The answer to Yali's question forms the central thesis of Guns, Germs, and Steel. Yali, a local leader in Papua New Guinea, asked Jared Diamond (the author) the following question in 1972:
Why is it that you white people developed so much cargo and brought it to New Guinea, but we black people had little cargo of our own?
According to Diamond, Yali's people had only recently (as in a couple of centuries ago) lived in the Stone Age, in the sense that they still used simple stone tools, survived as hunter-gatherers, and lived in small villages. So what Yali was asking Diamond, a scientist visiting the area on a research trip was, "Why did Europeans develop the complex technology that enabled them to expand their influence around the world? Why didn't this happen in Papua New Guinea?" Diamond's answer to this profound question is complex, and he summarizes it as follows:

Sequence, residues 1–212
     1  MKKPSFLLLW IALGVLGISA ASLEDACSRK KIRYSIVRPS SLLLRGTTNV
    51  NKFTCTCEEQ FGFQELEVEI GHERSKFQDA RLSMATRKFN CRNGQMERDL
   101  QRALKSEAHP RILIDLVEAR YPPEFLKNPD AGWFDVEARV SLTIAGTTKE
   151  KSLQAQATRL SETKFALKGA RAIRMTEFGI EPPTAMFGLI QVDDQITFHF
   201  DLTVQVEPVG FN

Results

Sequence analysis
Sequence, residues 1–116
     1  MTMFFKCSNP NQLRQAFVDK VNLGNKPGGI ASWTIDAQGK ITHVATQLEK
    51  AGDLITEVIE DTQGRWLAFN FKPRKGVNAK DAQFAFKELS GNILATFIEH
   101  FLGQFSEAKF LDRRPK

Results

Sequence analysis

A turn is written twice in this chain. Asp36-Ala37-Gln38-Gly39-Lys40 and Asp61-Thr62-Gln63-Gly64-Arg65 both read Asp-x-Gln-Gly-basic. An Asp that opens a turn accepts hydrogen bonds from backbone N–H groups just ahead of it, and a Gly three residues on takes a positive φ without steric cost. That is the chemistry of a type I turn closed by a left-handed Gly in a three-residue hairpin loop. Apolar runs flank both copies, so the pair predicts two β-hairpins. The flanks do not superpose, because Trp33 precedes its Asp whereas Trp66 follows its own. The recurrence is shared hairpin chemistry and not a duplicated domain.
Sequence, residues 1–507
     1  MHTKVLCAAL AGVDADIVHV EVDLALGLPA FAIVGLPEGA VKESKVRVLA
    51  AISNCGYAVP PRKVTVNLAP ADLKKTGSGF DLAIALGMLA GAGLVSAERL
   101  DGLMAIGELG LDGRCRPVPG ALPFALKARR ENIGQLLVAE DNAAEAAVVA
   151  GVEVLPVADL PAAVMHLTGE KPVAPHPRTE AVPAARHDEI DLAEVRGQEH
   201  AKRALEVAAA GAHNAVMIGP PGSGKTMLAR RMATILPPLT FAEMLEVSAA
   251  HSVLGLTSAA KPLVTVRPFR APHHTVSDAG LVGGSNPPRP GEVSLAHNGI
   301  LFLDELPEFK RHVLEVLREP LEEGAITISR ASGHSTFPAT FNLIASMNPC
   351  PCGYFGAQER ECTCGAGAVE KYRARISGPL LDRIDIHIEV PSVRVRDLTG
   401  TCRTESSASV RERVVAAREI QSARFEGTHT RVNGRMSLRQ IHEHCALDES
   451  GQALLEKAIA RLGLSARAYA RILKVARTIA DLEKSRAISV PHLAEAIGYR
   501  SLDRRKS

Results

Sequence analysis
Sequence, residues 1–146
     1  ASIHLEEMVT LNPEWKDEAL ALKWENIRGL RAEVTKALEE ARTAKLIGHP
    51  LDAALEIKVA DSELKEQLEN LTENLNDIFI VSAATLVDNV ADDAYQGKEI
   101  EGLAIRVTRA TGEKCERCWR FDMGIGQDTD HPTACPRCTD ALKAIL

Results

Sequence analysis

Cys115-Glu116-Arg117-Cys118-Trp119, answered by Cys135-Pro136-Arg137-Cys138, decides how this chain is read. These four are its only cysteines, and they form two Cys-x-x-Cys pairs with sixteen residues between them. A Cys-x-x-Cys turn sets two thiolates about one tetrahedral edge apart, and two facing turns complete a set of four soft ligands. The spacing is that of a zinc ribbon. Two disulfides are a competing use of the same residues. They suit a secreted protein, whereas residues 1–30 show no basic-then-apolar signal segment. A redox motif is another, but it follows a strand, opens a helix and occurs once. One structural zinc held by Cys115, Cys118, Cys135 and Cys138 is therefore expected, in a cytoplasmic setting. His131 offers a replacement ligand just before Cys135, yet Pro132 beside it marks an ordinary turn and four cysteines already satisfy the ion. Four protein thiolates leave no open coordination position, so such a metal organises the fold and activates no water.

History followed different courses for different peoples because of differences between peoples' environments, not because of biological differences among peoples themselves.
Europeans developed the technologies that we associate with modern life because they lived in regions possessing geographic and climactic characteristics that were amenable to the rise of settled agricultural societies. In other words, what we think of as "civilization" is not the result of racial, intellectual, or cultural differences between peoples, historical or modern. Europeans developed the "guns, germs, and steel" necessary for conquering peoples around the world by geographic accident.